_{ns}(positive downward) is the nonsolar heat flux, accounting for the longwave, latent, and sensible heat fluxes. Here,

*g*is the acceleration of gravity,

*c*the specific heat capacity, and

_{p}*α*the thermal expansion coefficient. Note that

*Q*

_{ns}and

*B*

_{0}will generally be negative (surface heat loss) in our study. Zero-flux conditions for the turbulent fluxes of momentum and buoyancy are applied at

*z*→ −∞ (practically, the lower boundary conditions are imposed at some finite value of

*z*that is sufficiently far below the surface to not affect the results).

### b. Surface forcing

*B*

_{0}< 0), and a periodic diurnal variability induced by the radiative heat flux according to

*T*is the period of the prescribed forcing (24 h),

_{p}*T*the duration of the daylight period with

_{d}*I*

_{0}> 0, and

*I*

_{max}the maximum radiative heat flux reached at

*T*/2 (midday). We performed numerical tests in which we compared this simplified solar radiation model with a more realistic radiation expression based on Stull (1988) and found only small differences in the DWL evolution that did not affect any of our conclusions. For our idealized study focusing on the basic mechanisms of DWL formation, the downward shortwave radiation

_{p}*I*will be computed from a simple absorption model of the form

*η*is the shortwave absorption scale. Note that in section 3 (model validation), and in some parts of the parameter space study in section 5, we will make the additional simplifying assumption that

*η*= 0, i.e., that all radiation is absorbed at the surface. The radiative buoyancy flux

*I*in (3) follows from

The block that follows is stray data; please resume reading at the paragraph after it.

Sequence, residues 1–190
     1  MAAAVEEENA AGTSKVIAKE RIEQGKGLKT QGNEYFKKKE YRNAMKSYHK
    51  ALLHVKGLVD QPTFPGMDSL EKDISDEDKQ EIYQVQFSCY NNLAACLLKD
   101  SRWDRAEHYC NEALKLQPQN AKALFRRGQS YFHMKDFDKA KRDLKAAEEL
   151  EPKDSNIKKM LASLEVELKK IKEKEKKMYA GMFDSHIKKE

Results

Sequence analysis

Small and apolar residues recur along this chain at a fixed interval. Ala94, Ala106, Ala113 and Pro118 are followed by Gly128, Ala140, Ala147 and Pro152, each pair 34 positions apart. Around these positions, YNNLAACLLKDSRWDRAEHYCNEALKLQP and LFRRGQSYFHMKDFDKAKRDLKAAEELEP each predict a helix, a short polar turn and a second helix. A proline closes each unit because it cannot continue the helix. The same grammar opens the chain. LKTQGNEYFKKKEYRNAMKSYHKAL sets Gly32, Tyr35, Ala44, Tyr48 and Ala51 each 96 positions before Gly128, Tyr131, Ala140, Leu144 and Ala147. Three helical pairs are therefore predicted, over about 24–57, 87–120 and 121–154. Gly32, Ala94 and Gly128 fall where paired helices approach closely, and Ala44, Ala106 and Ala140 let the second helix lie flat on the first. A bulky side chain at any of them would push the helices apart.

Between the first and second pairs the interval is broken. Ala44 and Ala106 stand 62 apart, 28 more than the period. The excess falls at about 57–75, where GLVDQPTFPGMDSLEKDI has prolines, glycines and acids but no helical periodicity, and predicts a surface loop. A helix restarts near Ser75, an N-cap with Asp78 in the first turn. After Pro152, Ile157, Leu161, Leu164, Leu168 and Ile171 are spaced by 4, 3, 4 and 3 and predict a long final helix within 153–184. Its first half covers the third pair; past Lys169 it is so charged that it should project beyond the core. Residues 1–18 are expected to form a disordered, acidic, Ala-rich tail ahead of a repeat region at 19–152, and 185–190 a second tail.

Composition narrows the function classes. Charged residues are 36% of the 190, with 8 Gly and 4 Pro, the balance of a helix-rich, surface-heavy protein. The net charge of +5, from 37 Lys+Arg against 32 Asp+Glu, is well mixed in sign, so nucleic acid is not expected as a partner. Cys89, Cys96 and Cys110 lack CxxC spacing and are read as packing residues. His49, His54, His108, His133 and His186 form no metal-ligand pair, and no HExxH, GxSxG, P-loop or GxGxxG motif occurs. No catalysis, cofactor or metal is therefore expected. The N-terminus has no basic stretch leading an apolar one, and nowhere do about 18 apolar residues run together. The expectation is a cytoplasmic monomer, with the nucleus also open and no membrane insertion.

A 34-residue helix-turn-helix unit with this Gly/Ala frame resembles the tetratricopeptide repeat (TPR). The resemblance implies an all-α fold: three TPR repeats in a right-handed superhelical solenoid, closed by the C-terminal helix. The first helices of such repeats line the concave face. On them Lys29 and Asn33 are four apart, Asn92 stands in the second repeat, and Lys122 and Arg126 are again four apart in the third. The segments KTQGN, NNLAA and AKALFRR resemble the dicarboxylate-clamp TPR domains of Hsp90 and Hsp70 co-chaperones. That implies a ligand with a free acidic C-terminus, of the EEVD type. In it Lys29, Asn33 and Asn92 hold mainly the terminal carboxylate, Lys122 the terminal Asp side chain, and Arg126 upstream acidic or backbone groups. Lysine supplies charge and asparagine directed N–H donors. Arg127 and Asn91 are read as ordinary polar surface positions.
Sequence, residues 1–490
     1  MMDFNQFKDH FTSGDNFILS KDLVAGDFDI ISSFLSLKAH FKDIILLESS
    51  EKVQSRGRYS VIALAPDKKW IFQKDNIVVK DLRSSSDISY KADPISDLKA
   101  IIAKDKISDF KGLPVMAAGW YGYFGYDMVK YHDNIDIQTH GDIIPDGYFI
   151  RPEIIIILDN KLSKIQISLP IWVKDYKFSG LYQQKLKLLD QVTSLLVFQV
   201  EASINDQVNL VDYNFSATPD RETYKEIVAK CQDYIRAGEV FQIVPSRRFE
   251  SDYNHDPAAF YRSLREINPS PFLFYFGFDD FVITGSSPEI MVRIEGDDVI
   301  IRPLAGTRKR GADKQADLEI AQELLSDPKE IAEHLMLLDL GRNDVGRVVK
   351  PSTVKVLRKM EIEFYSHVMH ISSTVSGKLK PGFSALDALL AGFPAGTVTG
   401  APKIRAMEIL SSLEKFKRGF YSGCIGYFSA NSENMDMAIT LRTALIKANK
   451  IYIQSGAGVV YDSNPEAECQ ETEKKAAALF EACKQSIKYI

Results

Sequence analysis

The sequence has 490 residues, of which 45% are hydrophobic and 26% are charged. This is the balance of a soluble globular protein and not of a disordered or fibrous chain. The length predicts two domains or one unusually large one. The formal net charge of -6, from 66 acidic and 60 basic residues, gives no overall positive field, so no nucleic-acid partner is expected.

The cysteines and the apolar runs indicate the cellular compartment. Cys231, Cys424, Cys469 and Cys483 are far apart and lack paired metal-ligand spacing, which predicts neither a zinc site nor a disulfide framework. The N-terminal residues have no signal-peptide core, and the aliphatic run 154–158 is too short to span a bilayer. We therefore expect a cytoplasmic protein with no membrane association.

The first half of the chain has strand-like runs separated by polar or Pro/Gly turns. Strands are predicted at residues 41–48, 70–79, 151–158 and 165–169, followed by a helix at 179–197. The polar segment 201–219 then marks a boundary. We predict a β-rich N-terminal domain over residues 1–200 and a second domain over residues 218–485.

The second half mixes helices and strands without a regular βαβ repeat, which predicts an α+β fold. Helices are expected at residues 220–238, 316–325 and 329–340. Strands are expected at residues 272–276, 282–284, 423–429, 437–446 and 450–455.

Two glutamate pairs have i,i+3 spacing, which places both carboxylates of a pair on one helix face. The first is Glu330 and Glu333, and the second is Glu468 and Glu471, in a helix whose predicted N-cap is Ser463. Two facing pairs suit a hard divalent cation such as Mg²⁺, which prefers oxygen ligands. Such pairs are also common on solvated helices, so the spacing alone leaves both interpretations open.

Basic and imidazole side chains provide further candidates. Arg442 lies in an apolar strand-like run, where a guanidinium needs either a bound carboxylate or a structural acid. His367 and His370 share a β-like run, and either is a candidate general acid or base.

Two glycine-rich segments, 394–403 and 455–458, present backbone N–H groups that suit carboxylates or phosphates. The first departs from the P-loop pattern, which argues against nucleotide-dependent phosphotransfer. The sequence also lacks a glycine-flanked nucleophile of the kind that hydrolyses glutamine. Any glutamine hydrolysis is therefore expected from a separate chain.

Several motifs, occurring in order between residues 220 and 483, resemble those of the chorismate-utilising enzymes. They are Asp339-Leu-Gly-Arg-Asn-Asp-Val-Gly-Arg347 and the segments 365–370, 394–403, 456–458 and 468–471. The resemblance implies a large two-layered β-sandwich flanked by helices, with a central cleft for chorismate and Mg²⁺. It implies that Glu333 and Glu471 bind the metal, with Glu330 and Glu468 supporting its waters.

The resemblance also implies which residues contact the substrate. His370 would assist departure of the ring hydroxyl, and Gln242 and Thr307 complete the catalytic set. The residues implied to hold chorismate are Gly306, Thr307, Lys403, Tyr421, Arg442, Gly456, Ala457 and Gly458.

_{b}*B*

_{0}, the radiative buoyancy flux at the surface

*B*), are shown in Fig. 1.

*T*and

_{p}*T*, the maximum total surface buoyancy flux at midday

_{d}*B*

_{max}, and the surface buoyancy loss

*B*

_{0}. Rather than

*T*, the more sensible parameter to describe the formation of DWLs is the heating period

_{d}*T*during which the total surface buoyancy flux

_{h}*B*is positive (see Fig. 1). From (4), it is clear that these two time scales are related according to

*x*direction,

*ρ*= 1.23 kg m

_{a}^{−3}is the air density,

*U*

_{10}is the 10-m wind speed, and

*C*1.7 × 10

_{d}=^{−3}is a constant drag coefficient. Introducing the friction velocity,

*V*are estimated from expressions of the form

_{s}*c*= 0.016 and

_{s}*C*= 2.67 × 10

_{s}^{−5}s

^{4}m

^{−2}are model constants. From these expressions, and the quadratic drag law mentioned above, the turbulent Langmuir number

*u*predicted by their model is a function of the surface Stokes velocity

_{s}### c. Second-moment turbulence modeling approach

*ν*and

_{t}*N*

^{2}=

*∂b*/

*∂z*.

*l*and a turbulent velocity scale

*k*

^{1/2}, where

*D*denotes the vertical transport of TKE and

_{k}*ε*the turbulence dissipation rate. The terms

*P*and

*P*are the Eulerian and Stokes shear production terms defined as (Harcourt 2013; H15):

_{s}*l*, required for the computation of the turbulent diffusivities, is inferred from the solution of a Mellor–Yamada-type transport equation for the product

*kl*in (A2) or, alternatively for comparison, from a transport equation for the inverse turbulence time scale

*ω*∝

*k*

^{1/2}

*l*

^{−1}in (A4). All relevant details of the turbulence closure models used in our study are summarized in appendix A.

### d. LES modeling approach

The LES approach is used to validate the second-moment models in section 3. The approach is based on the Craik–Leibovich equations to produce the Eulerian velocity, pressure, and buoyancy fields in a temporally evolving three-dimensional computational domain. Readers are referred to appendix B for the numerical implementation of the LES and the model setup.

From the LES, horizontally averaged profiles of velocities 〈*U _{i}*〉, buoyancy 〈

*B*〉, and turbulent fluxes

*u*,

*υ*, and

*b*) in (1)–(3), as elaborated in section 3. Here, we use angle brackets to denote the horizontal average of the LES fields and primes to denote the fluctuations.

## 3. Comparison of LES and second-moment models

In this section, we compare the second-moment turbulence closure models to our LES results for a typical tropical DWL scenario both with and without the effects of LT, focusing especially on the performance of the second-moment model for this newly included process. Both LES and second-moment models are driven with identical atmospheric and buoyancy forcing and use the same parametric surface-wave model by Li et al. (2017) to compute the Stokes velocities. Note that the effects of surface-wave breaking are not taken into account in our simulations.